Capitalism is being able to make and sell widgets for more money than it costs you. It does not take into consideration the sustainability of resources. It is only concerned with making more money. Capitalism is shortsighted, only able to see short-term financial gains and nothing more.

Such a simple concept is illustrated by Dr. Seuss's "The Lorax." Only when unsustainability threatens profits does it become a consideration.

Thursday, March 24, 2011

End Central Banking Now

We are anonymous.

The leeches (central bankers) have taken over the host (society). we must fight this infection.

The banks get the big spenders elected who get the US in more debt and more at the mercy and control of the bankers who make the money out of thin air and loan it at interest to the United States.

I am tired of paying 45% tax (35% Federal + 10% State) just to service old debt. Where are the old UNITED STATES NOTES that were declared the only legitimate currency by the Founding Fathers?

The old "United States Notes" were issued debt-free by the treasury.

Our new "Federal Reserve Notes" come with interest and are obligations of the U.S. government. Therefore, under the current regime of money creation, without the national debt there would be no money.

The Fed buys bonds to fund government spending with money it makes out of thin air. Instantly, the U.S. government's money has interest attached to it- interest that has to be paid by future generations through taxation.

The government is a slave to the banksters. We are slaves to the government. Ergo, we are the bankers' slaves.

Toil away, minions. Keep on running on the rat wheel without seeing who put you on there.

Central Banks and the income tax need to be abolished. The power to issue currency needs to go back to the treasury.

We are anonymous.

Sunday, December 19, 2010

Peak Homo Sapien Sapiens. The Coming Catastrophe

We live in interesting times. For most of human history, our numbers dwindled below 1 billion globally. It wasn't until 1804 that we reached 1 billion because of technological advances resulting from fossil fuels. For most of human history, we had relied on the sun for energy. Whatever fell from the skies and was captured by plants and converted into chemical energy was the energy that we could use.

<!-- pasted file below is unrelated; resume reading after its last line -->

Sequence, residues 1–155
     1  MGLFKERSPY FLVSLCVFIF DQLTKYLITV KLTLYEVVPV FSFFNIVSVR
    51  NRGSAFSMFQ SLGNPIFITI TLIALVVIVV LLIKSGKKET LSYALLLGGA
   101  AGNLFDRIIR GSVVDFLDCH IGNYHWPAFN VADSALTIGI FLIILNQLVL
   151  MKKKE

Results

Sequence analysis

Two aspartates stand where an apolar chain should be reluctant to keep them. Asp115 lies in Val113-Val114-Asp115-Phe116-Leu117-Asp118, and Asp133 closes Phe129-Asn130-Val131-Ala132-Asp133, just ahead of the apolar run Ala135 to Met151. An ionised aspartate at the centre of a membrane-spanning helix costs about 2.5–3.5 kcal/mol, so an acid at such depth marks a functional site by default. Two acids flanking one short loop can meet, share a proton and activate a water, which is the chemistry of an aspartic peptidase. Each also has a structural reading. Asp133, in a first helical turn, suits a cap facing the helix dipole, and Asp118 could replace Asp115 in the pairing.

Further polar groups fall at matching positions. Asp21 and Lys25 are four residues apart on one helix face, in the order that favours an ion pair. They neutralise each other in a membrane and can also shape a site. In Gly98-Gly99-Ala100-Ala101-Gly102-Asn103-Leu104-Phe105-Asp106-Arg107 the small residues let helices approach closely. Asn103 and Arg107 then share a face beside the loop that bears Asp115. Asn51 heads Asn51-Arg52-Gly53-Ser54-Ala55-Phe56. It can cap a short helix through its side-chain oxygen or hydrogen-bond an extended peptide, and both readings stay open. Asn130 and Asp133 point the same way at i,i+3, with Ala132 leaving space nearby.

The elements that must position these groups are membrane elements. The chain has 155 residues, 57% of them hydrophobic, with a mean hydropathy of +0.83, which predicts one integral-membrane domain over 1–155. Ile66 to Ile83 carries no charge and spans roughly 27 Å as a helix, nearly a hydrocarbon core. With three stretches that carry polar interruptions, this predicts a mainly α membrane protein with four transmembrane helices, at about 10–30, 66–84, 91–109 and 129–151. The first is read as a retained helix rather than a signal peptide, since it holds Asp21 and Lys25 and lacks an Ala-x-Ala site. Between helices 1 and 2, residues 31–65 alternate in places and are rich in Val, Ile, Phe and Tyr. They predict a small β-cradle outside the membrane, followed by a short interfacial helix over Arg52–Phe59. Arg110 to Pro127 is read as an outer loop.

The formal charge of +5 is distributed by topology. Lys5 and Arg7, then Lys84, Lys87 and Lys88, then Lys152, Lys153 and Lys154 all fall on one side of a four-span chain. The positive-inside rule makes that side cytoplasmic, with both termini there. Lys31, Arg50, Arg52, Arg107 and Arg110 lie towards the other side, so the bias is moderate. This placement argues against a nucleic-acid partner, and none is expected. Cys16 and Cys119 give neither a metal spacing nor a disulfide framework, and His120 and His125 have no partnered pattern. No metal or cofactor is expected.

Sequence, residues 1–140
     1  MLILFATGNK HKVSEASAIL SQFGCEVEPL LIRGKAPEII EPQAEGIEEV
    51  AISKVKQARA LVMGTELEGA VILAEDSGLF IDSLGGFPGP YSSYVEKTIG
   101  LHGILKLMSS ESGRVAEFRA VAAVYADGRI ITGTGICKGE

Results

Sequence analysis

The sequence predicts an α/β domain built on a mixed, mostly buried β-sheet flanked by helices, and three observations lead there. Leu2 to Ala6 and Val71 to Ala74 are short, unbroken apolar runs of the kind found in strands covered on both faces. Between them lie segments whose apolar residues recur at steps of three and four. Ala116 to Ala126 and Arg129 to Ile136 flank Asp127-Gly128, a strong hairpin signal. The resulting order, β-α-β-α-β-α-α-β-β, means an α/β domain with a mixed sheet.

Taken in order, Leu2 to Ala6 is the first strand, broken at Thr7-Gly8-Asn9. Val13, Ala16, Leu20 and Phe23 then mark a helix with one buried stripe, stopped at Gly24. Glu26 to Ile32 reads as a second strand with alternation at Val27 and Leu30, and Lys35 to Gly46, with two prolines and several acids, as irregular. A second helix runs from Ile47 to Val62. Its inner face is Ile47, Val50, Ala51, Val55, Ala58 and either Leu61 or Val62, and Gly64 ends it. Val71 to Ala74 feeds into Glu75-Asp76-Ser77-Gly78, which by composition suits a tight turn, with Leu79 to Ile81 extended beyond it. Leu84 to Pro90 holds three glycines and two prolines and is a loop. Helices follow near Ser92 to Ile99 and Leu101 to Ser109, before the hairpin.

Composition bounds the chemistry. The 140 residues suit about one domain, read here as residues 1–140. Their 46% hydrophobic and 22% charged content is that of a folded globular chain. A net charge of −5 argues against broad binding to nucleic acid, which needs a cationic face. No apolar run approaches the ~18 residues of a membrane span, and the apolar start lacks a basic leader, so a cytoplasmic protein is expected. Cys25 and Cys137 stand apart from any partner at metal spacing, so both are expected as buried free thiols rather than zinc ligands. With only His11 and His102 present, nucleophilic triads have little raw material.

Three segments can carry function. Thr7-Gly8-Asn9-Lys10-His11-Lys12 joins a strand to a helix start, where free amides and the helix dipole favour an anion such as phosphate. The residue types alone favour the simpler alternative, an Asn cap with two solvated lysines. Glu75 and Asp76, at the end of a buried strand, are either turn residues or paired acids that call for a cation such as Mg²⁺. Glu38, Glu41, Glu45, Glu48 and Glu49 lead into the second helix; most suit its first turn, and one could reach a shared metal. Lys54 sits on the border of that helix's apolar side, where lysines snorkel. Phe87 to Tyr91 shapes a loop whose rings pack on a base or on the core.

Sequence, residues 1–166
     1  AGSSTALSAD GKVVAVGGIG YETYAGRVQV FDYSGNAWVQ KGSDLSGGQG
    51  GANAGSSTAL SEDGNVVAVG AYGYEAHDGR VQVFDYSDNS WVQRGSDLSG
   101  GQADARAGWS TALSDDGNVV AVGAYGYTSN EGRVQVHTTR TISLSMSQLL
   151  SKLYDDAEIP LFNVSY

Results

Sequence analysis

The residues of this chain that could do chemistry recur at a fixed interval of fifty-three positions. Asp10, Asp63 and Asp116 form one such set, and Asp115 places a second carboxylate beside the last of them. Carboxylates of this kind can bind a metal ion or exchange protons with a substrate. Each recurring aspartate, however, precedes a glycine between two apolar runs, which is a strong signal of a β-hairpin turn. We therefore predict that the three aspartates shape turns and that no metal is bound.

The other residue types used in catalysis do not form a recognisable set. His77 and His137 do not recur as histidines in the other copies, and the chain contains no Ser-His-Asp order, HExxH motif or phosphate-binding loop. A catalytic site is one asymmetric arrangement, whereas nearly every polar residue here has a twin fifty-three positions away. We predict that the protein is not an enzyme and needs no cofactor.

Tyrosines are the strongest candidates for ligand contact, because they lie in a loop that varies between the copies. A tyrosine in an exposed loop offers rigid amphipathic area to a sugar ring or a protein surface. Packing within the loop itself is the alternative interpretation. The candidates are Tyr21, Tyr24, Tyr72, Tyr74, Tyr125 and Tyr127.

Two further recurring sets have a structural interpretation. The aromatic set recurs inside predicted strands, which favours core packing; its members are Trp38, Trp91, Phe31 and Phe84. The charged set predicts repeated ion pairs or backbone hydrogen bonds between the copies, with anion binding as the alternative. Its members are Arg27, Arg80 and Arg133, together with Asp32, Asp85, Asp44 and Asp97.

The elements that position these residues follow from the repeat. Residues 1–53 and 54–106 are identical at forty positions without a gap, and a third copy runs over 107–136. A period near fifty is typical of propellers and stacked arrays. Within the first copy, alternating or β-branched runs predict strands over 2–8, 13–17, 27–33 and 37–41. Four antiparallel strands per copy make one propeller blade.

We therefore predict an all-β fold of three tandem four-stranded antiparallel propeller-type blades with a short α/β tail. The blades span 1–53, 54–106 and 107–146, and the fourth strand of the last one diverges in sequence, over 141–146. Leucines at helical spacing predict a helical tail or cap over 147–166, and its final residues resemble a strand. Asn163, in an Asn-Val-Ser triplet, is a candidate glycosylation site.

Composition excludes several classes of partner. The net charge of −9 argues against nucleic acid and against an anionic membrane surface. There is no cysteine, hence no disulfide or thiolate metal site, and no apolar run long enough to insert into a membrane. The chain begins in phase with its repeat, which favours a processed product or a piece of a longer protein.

When fossil fuels were discovered and started to be used, we were tapping into vast stores of chemical energy. It was energy that had been captured by plants and animals eons earlier. There's nothing wrong with using it but we must use the "energy piggy banks" gifted to us with great responsibility because it simply won't last forever.
Instead, we have greedily and rapaciously used these fossil fuel reservoirs to our own detriment. The burning of fossil fuels releases Earth-warming greenhouse gasses into the atmosphere. These gasses will permanently alter global weather patterns and make agriculture more difficult and unpredictable. Unfortunately, the current economic paradigm calls for infinite growth and ignores the limits and capacity of the Earth.
I tried to debate the limits of growth with an economic professor but it was like arguing with a pigeon. He believed that humans populations and economies can sustain infinitesimal growth. He refused to draw connections between the study of life (biology) and the study of human life (economics). This arrogance of people, of our own superiority to Mother Nature, is what will get us all killed.

We must realize the truth: that the Earth is a closed biosphere and that what we are doing to it: our unbridled consumption, our daily choice to take the car to go 1 block to the store on the corner; and our sense of entitlement will be the end of us.

What do we do? Use less energy. Money is energy so vote with your wallet. Recycle. Fix and reuse what you can. Don't buy into the Black Friday hype. Save your money for a rainy day.